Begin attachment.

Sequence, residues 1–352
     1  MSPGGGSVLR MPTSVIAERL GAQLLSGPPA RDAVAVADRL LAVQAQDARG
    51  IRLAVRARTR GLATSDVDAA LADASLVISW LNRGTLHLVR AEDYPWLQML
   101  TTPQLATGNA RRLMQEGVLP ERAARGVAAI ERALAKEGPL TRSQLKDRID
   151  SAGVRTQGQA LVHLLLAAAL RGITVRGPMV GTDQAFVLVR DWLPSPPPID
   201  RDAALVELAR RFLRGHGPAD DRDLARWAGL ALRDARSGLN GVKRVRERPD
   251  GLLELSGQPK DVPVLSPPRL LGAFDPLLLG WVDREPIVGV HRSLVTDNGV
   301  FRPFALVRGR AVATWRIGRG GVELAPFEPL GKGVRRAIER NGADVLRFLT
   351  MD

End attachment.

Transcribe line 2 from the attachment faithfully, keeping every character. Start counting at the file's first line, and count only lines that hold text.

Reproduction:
     1  MSPGGGSVLR MPTSVIAERL GAQLLSGPPA RDAVAVADRL LAVQAQDARG